I’m generally hesitant to write about a film that only uses a church as a setting for a wedding or clergy as a wedding officiant, because often the church and pastor are just scenery in film. The church and pastor are not that different from film to film (since they’re essentially set dressing), so they aren’t worth writing about. It’s if one wrote a law blog post about how different Justices of Peace or judges perform wedding ceremonies.
But there are times when a film does use weddings in interesting ways, as in director Josef von Sternberg’s 1928 film The Docks of New York. Based on a book titled The Dock Walloper (I wish they’d kept that awesome title), it’s the story of a ship stoker, Bill, (he shovels the coal into the fire of a tugboat) who rescues a young woman, Mae, from drowning in the waters by the docks. (His rescue is rather leisurely. He sees her in the water and casually strips down to dive in for her.)
He takes her to a room in a disreputable place called The Sandbar. (A title card assures us that such places used to exist by the docks, one assumes pre-prohibition, but that they exist no longer.) At The Sandbar there is much drinking, dancing, and carousing. We see Bill’s captain flirting with a woman when he sees his wife flirting with another man. The wife tells the captain she can do what she wishes since he “gave her the air” years ago.
There is a sign at the Sandbar that reads, “Save Your Soul and Your Money, Come to ‘Hymn-Book Harry’s Harbor Mission.” At one point, when the crowd gets rowdier than usual at the Sandbar and it looks like Bill is about to start a fight, the proprietor says, “I better get Hymn-Book Harry before he wrecks the place.” But things calm down before he takes such drastic measures.
|Gustav von Seyffertitz as Hymn Book Harry|
Harry (Gustav von Seyffertitz) comes into the rowdy bar with a grim, disapproving look on his face. He asks Bill, “Where’s your wedding license?” The whole idea of the wedding was rather spur of the moment, so Bill and Mae don’t have a license. Harry heads for the door. A woman stops him, saying, “Are you going to queer our fun just because you got to have a piece of paper?”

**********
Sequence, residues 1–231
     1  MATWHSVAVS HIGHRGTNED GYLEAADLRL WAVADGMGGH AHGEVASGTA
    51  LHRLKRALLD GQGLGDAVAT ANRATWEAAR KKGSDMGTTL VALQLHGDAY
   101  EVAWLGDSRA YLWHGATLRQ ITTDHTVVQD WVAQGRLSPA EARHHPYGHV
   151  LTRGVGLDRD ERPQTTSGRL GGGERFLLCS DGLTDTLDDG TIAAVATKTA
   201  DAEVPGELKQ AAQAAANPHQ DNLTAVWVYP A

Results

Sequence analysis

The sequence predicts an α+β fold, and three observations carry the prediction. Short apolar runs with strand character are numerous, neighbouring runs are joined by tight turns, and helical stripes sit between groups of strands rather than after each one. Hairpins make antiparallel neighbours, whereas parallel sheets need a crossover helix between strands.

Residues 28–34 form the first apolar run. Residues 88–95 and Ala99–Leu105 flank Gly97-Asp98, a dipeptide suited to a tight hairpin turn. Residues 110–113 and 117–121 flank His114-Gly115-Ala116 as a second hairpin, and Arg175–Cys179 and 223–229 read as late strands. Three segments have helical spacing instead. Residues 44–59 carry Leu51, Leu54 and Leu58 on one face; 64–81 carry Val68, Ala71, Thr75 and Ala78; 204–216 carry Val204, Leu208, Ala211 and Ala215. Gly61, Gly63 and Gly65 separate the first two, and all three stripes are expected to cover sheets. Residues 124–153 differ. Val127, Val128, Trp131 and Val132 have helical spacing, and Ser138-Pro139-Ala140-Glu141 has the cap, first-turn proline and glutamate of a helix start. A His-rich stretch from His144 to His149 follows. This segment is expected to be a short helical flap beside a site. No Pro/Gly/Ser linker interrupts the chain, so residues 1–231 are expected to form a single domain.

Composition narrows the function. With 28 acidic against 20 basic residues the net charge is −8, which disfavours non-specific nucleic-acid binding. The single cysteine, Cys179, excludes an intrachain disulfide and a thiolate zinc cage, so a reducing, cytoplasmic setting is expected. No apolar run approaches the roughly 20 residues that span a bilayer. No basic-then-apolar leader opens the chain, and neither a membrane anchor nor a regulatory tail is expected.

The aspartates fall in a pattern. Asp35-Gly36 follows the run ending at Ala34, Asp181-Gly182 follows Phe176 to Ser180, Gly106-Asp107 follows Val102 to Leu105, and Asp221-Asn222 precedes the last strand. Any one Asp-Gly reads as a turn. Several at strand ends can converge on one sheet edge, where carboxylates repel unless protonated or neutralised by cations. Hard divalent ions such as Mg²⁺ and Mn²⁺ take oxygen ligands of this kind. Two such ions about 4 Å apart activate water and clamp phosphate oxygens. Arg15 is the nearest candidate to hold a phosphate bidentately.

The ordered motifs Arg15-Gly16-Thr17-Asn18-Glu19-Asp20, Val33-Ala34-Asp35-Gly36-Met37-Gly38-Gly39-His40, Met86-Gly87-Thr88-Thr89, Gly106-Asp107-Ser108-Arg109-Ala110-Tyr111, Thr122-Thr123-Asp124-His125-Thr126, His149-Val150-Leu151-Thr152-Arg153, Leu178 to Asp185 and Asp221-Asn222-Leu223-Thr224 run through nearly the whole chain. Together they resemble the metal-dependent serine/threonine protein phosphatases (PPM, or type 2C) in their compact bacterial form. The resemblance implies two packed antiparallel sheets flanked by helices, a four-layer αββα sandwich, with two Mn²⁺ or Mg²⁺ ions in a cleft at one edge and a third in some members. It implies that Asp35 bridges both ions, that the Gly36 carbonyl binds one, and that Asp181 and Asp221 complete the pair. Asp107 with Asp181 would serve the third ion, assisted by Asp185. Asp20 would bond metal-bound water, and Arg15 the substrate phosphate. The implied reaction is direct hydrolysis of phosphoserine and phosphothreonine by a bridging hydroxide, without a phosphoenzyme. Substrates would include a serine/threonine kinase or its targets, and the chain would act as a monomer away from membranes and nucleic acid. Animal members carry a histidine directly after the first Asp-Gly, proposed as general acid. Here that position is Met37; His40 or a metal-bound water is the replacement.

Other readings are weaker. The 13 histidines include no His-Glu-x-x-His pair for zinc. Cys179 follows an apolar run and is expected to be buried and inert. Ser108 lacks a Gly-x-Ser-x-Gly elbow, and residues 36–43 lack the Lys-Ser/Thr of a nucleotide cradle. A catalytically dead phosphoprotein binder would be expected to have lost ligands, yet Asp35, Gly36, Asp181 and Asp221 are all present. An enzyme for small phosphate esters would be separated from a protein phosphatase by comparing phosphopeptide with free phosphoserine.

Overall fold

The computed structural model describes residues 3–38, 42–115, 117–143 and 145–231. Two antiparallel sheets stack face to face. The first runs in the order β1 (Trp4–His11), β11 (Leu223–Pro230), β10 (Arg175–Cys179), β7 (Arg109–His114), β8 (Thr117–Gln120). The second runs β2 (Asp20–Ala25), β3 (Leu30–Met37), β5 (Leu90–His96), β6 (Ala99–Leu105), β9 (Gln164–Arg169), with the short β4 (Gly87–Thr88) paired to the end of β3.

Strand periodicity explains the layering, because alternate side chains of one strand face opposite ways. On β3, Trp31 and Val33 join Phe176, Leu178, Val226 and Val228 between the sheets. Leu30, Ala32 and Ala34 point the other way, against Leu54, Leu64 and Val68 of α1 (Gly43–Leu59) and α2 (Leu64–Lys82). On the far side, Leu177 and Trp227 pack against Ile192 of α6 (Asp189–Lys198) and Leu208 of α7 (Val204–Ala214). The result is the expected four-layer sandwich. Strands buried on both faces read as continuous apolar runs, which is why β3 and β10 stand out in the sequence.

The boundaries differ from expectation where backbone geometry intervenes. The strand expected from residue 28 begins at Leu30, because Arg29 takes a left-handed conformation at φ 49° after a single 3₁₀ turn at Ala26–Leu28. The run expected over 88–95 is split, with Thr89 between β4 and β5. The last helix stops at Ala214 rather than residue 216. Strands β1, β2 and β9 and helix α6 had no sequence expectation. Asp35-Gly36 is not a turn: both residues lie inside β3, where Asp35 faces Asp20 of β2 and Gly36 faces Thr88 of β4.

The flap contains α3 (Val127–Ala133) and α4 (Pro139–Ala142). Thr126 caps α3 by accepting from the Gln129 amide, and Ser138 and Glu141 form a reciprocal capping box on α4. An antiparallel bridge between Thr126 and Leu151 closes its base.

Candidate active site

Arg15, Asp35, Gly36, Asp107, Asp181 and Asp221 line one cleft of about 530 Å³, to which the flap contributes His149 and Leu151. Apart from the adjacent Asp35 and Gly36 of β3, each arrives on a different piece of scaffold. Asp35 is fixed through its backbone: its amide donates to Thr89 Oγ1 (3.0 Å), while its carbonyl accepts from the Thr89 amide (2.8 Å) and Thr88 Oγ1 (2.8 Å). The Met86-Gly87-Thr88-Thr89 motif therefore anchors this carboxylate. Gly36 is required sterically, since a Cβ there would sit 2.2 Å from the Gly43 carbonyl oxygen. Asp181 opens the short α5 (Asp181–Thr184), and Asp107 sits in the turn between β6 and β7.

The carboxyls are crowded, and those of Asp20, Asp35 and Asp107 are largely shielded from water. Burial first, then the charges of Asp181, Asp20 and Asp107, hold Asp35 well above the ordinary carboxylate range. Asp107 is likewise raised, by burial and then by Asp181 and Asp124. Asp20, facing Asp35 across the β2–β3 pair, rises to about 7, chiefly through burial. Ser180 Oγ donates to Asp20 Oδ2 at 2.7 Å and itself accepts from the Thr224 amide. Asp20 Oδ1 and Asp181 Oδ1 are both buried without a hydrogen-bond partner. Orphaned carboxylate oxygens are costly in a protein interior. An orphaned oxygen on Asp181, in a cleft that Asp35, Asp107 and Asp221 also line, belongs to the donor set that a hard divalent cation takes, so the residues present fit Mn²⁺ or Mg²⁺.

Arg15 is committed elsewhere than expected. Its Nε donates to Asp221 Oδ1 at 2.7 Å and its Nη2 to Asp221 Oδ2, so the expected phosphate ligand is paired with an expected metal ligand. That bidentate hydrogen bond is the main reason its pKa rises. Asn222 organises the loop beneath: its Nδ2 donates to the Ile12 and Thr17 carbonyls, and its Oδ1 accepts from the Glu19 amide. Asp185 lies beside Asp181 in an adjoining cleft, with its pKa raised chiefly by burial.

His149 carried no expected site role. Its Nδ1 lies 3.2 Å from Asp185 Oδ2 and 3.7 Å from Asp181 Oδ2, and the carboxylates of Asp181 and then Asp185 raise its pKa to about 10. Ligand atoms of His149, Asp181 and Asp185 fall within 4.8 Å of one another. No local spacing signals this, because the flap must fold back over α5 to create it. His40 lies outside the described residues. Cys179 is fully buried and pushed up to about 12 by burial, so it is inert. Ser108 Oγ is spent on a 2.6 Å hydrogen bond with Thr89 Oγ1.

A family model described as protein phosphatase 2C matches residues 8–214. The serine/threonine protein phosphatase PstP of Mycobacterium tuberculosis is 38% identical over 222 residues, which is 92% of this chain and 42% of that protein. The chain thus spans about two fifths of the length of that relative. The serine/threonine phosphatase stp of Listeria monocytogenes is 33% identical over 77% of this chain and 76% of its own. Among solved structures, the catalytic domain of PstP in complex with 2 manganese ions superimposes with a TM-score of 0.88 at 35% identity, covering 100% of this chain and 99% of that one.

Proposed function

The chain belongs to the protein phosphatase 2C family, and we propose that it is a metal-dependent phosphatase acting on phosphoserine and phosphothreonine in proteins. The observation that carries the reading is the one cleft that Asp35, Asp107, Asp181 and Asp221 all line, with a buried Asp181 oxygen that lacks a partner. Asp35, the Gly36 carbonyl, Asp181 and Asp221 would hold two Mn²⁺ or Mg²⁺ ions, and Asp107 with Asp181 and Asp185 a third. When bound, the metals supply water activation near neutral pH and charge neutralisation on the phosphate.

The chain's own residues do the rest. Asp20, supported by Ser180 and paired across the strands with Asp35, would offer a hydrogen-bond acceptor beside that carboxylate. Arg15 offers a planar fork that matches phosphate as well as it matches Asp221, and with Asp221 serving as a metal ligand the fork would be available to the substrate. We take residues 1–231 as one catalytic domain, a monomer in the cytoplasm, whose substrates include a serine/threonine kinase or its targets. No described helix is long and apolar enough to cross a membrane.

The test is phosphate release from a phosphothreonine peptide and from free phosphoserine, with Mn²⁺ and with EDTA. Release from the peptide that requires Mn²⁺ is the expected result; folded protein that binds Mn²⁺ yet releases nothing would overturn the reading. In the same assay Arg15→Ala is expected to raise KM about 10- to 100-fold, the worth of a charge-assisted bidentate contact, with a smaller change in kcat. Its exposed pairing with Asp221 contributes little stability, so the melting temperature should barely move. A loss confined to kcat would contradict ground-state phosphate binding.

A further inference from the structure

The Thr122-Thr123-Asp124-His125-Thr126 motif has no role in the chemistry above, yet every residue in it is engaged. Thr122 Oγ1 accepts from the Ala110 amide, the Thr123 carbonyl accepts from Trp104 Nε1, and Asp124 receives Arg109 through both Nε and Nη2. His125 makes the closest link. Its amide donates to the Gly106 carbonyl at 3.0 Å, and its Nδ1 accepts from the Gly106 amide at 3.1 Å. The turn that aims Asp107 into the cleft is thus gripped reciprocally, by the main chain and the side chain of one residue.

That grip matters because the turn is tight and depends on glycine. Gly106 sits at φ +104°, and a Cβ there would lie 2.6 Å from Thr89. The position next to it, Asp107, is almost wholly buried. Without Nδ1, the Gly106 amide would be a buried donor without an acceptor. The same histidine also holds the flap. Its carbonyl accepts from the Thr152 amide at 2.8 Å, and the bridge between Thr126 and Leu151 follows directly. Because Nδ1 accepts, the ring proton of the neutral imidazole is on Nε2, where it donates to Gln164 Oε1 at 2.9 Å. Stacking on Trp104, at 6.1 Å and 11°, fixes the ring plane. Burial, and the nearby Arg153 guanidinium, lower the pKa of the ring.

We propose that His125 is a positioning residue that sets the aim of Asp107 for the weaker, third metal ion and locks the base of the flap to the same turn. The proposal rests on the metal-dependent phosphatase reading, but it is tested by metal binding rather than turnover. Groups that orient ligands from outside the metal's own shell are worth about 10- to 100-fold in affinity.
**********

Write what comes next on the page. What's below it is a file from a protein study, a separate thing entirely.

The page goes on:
Another woman steps to the front of the bar saying she’ll do the ceremony if the preacher won’t. (“Let the old fusser go. I’ll marry you!”) She stands on the bar and asks whether anyone knows of any reason these two people should not be married -- which brings much laughter, but no objections. This visibly bothers Hymn-Book Harry.
Harry asks Mae, “Does it mean that much to you?” Harry asks Bill whether he will get a license. Bill assures him, “Word of honor, Pastor, I’ll get it first thing in the morning.”
Hymn Book Harry performs a traditional ceremony: “Dearly beloved, we are gathered here in the sight of God and in the face of this company to join this man and this woman in holy matrimony. This is an honorable estate, not to be taken lightly.”
What I found interesting was that the crowd begins in a rowdy mood, but seems genuinely moved by the ceremony. They stop drinking and carousing to listen to Harry’s words. Harry brings a moment of peace to the place. When Harry asks Bill whether he has a ring, he doesn’t. But a woman in the bar crowd brings one forward. Bill responds to the questions of the vows with “Sure I will”.
When the ceremony ends, the crowd cheers.
Bill tries to pay Harry after the ceremony. Harry initially refuses the money, then says, “I expect you to bring me a license in the morning -- pay me then.” It seems that Harry is much less concerned about being paid than that Bill will take his responsibilities as a husband seriously.
Whenever I’ve performed a wedding, I’ve insisted on the couple having counseling beforehand, something Harry doesn’t do. I also try to inject warmth and humor into a service, also something that Harry doesn’t do. But Harry is willing to go to a bar to serve others, which wins some points in my book. So I’m giving the ministry of Hymn-Book Harry Three Steeples.
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